Count me in for The Quest. Bookstore-spelunking and low-tech idea-sharing are a variation on the theme of hunter-gathering and frugal crop-husbandry. Like seed-savers, all those little bookstores contain hundreds of vital but dormant ideas that beg for active care and promulgation. To this farmer's mind, that sounds like a good way to "farm in the off-season." And if anyone wants to come peruse our bookshelves or learn some of the wisdom we've bumbled into on our farmstead in Maine, well, I guess we're up for that too.

Loveandlight said...

And for those of us who are still puttering around on the 101 level, read The Long Descent so that you have an intellectual framework for explaining what's happening to the few mainstream people who might really want to know. You might just save somebody from mistakenly following some strange bright banner that would lead them marching down a strange dark path! (I ordered my copy from last night.)

Odin's Raven said...

Perhaps you would also like to preserve some Green Man images, such as from
Contemplating these leaves from the Book of Nature might provide a corrective to the kind of frantic shallow literacy and 'education'you and that retired teacher complained about. Maybe people who have developed handcraft skills could make some Green Men as emblems of the movement to preserve a sense of mystery when the lights and the books have gone.

Karen said...

Dear Mr. Greer,

I was thankfully able to find some of your recommendations as used books on (they have an English book section) and they are now ordered and on their way, hopefully to be received by the end of next week.

My next challenge is to download the document with my internet connection...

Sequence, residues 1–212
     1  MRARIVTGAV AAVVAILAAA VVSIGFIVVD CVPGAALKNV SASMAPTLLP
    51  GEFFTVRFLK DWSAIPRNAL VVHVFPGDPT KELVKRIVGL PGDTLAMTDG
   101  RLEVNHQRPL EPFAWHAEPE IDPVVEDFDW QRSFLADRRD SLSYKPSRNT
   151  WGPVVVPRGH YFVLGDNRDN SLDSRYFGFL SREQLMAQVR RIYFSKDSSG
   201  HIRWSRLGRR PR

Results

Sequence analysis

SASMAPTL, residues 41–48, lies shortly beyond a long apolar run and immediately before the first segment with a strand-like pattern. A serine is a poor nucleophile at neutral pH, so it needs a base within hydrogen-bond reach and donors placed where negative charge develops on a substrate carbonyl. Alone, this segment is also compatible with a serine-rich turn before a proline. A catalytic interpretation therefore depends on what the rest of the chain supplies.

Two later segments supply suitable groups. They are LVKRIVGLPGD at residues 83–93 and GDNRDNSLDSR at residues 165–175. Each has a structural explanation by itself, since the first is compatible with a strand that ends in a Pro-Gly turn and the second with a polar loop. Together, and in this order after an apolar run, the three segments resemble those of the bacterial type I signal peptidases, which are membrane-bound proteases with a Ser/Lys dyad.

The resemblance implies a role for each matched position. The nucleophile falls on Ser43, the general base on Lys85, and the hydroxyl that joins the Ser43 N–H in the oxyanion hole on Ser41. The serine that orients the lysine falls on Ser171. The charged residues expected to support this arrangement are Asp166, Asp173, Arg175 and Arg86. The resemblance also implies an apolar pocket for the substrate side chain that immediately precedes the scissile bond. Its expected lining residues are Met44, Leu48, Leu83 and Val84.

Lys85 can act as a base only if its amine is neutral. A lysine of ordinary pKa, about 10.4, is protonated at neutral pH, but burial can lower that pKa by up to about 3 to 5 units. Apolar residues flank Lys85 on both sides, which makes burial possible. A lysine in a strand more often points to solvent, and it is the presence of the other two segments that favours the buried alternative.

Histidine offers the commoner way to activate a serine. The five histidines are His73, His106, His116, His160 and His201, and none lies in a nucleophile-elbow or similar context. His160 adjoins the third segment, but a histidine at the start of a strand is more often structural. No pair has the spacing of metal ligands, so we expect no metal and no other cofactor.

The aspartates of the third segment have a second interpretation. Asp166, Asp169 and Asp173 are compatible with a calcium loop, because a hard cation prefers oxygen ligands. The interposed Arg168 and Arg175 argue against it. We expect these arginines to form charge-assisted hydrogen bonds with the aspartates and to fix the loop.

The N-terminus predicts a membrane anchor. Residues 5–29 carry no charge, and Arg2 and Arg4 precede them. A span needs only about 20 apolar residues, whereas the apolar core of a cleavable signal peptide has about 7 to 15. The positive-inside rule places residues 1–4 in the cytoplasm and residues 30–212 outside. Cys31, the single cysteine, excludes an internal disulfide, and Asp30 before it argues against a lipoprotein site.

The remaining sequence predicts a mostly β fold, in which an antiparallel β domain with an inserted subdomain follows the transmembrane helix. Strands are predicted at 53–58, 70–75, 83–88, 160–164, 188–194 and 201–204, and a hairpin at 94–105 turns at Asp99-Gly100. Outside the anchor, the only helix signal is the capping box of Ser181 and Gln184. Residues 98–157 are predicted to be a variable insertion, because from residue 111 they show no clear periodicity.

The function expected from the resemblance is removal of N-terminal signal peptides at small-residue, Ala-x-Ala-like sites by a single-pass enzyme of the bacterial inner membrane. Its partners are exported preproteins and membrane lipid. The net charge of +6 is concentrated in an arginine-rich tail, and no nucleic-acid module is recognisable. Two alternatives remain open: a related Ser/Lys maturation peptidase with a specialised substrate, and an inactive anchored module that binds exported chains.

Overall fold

Siani said...

Sometimes you scare me. LOL I already have most of this stuff and have indeed read it. Lately it's become even more relevant...along with the hunter-gatherer senses.

Good post!

Zin said...

Thanks John,
There are probably many readers here who feel this Green Wizard work is starting a sacred process that is long overdue. There are most likely quite a few others who have already been traveling the path for a while.
It is a path not often traveled in this day of technological overload, but you are blazing an excellent trail for others to follow.
Getting this process going reminds me of a quote that I wrote in one of my first journals back when I first started martial arts.

"I have always known I would take this path, but yesterday I did not know it would be today."

John Michael Greer said...

Robert, good! I've always thought that, though Tolkien didn't mention it, Tom Bombadil's house had passive solar heating.

Bill, I'll ask the CCF webmistress.

Charles, glad to hear it!

Maine, one of the things I was hoping to find out was how many people had the old books still on their shelves, or better yet were using them. Thanks for the encouragement!

Loveandlight, many thanks. Those who aren't familiar with the metaphor can find the details here.

Raven, that's certainly an option, and there are other traditions of imagery that readers might also want to borrow. Still, those are a bit different from the hands-on stuff I plan on covering.

Karen, glad to hear about the books. Good luck with the download!

Siani, just doing my job... ;-)

PanIdaho said...

* Master Conserver handouts ... check

* Printed Master Conserver handouts ... check

* Book(s) on Appropriate Tech... check-times-a-couple-hundred, but hey, always room for more! (well, maybe not, bookshelves are, unfortunately, finite in capacity)

* Ecology books ... ordered and on the way!

Okay, looks like I'm just about ready for class. :-)

Brad K. said...


If not Green Warrior and Green Wizard, how about Green Elder and Green Sage?

I like Elder, myself, as one with experience and knowledge, and having taken some time to thing a few things through. Listening to Elders is often a way to gain wisdom (ahem, one reason I visit JMG); the penalty for ignoring the elder is to risk censure or perhaps social pressure.

The Sage is not such a community/family-minded role, but one more invested in the beauty and study of a topic or body of knowledge.